From a client perspective, this means potential delays while the PADEP figures out how they will implement these requirements. REPSG has also noted that the language requirements of UECA are causing the PADEP to give scrutiny to technical fate and transport modeling and thorough site characterization.

Links to information on UECA are provided below and will be updated as information is available. Please contact Charlene Drake at (215) 729-3220 with any questions on how Act 68 will affect your business.

Helpful Links

To learn more about UECA, please visit the PADEP’s website.

Biennial Reporting Alert

Compliance Advisory Enforcement Alert
The New Jersey Department of Environmental Protection (“NJDEP” or “the Department”) is initiating a site remediation program to enforce monitoring reporting requirements.

Who is affected by this initiative?
According to the NJDEP official alert (issued in September 2007) parties that will be subject to planned enforcement actions are “those who are responsible for monitoring the effectiveness of a remedial action that includes an engineering and/or institutional control, and submitting a biennial certification and report to the Department, but who have failed to do so.”

Why is NJDEP targeting this violation?
According to the Department, its receipt of biennial certifications and monitoring reports is the only means by which the Department is able to ensure that long-term monitoring and maintenance takes place, and that the implemented remedy remains protective at the site over time. Due to the volume of such sites, with respect to available Departmental resources, the Department relies on self-monitoring and reporting by responsible parties. It is critical that monitoring the protectiveness of the remedy occurs, particularly in the event that the property use changes to one that is inconsistent with the restrictions specified in the remedy, increasing the potential for exposure.

To learn more about this initiative, please visit the NJDEP’s Compliance and Enforcement Site, or download the official alert.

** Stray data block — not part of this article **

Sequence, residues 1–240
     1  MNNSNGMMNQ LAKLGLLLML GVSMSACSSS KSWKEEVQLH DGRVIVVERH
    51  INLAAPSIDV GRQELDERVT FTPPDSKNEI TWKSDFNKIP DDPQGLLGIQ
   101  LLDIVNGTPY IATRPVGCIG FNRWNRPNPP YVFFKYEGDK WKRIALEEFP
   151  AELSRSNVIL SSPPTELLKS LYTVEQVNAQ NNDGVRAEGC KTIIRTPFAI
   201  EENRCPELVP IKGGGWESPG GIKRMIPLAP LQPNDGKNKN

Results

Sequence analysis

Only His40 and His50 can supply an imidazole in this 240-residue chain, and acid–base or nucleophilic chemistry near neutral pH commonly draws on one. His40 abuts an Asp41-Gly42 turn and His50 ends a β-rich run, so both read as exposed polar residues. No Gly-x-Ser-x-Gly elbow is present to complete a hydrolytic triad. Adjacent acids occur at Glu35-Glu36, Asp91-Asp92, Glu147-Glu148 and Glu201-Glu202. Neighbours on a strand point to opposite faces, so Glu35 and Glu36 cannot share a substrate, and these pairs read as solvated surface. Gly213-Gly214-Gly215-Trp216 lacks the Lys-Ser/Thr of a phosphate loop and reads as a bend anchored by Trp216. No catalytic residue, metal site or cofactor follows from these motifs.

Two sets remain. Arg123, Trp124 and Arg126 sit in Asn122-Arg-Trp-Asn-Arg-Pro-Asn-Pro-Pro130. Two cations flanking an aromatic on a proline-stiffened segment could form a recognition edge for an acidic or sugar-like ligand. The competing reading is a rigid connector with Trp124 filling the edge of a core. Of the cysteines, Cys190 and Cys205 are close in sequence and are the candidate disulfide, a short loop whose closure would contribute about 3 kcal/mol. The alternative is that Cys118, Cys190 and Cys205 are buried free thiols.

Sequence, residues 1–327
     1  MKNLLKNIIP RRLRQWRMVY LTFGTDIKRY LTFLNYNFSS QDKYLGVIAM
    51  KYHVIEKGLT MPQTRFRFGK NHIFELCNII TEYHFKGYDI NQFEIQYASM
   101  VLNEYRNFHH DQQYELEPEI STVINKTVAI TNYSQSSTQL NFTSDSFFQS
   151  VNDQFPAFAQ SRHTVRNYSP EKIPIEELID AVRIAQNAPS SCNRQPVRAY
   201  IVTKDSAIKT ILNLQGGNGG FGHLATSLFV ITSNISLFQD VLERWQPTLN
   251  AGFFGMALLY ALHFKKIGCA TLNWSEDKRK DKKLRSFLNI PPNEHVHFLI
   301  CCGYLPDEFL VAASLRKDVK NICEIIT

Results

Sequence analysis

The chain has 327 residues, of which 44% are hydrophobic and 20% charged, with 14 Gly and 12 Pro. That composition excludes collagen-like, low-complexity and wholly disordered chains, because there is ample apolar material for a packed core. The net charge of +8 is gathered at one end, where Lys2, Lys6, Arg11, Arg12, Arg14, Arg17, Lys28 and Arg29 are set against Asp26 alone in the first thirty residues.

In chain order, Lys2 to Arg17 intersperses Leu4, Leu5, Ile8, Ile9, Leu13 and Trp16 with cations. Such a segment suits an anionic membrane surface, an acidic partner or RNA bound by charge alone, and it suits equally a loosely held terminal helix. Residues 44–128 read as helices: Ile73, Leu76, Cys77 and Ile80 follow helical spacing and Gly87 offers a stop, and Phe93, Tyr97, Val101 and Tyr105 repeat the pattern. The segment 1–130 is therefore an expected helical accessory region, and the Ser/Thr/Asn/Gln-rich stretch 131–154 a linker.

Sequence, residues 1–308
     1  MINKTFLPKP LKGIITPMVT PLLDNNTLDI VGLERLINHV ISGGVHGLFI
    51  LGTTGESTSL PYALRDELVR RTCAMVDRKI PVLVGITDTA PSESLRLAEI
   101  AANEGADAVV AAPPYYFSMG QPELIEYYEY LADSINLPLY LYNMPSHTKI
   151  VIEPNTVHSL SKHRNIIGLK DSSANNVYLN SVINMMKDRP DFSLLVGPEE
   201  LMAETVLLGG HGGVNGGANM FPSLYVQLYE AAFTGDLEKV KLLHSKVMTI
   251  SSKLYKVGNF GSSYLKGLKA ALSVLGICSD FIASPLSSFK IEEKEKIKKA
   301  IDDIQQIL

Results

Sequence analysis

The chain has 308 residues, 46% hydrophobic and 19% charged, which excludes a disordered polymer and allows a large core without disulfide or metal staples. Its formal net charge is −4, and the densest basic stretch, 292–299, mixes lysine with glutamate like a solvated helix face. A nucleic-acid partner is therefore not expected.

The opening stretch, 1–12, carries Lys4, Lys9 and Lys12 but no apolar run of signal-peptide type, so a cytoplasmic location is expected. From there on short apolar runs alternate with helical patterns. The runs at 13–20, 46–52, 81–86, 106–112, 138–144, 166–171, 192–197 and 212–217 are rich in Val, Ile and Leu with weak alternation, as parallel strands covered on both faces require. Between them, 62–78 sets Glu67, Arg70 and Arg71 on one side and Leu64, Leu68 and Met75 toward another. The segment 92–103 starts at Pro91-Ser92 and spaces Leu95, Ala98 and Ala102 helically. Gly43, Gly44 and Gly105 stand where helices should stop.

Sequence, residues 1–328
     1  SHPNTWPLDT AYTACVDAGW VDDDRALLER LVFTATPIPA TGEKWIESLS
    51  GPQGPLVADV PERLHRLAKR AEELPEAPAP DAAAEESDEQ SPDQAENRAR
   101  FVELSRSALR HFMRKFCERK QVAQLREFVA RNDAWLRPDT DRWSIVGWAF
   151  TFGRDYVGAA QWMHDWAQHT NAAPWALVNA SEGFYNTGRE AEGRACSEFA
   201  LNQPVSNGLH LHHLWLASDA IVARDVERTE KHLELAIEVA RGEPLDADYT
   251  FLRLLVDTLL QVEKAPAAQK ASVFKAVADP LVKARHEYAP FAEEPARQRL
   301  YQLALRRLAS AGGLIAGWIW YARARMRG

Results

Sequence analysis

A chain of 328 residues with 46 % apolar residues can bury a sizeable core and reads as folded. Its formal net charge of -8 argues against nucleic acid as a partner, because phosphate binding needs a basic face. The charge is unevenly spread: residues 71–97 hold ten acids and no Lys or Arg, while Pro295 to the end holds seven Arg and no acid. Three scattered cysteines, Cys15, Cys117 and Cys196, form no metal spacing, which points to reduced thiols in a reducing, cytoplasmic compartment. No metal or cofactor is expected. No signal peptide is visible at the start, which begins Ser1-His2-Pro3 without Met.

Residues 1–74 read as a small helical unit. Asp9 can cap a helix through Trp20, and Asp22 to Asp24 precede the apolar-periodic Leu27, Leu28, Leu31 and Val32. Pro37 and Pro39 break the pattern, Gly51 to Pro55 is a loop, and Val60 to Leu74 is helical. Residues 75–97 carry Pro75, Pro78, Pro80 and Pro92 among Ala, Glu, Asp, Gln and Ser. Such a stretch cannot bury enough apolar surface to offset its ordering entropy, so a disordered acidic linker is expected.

Envtl. and Safety Standards For Child Care Centers in NJ

By Emergency Rule dated October 17, 2006 and signed by Governor Corzine, Child Care Center operators are held accountable for providing a safe environment where kids can play and learn:

Applicants for new child care center licenses and those seeking to renew their licenses must certify that any building or property proposed for the site of a child care center was not previously used for operations that could pose an environmental concern. In the event that the building was used in such a fashion, the applicant must certify that certain requirements regarding those environmental concerns have been met, and have everything prepared with the best furniture as well, and for this going to sites as https://www.treasurerooms.com/shop/shop-by-brands/evolur-baby.html is useful in this regard.

Child Care Center operators must certify that the site currently complies with soil and environmental indoor air requirements established by the Departments of Environmental Protection and Health and Senior Services, respectively.

New Soil Sampling Guidelines for Childcare Centers have been established by the New Jersey Department of Environmental Protection (DEP) establishes new rules for the testing of playgrounds.

For Child Care Centers not connected to a community water system, the facility must demonstrate that drinking water supplied by potable wells meets all applicable safe drinking water standards as administered by the Departments of Environmental Protection.

Current licensing regulations for childcare centers will be amended to codify these new emergency rules that are now being implemented through executive order. Some of the rules have already been adopted by the NJ legislature. The new rules will be implemented by several agencies including the Department of Children and Families, the Department of Environmental Protection, the Department of Health and Senior Services and the Department of Community Affairs.

To learn more or find out how REPSG can assist you in certification, please contact us.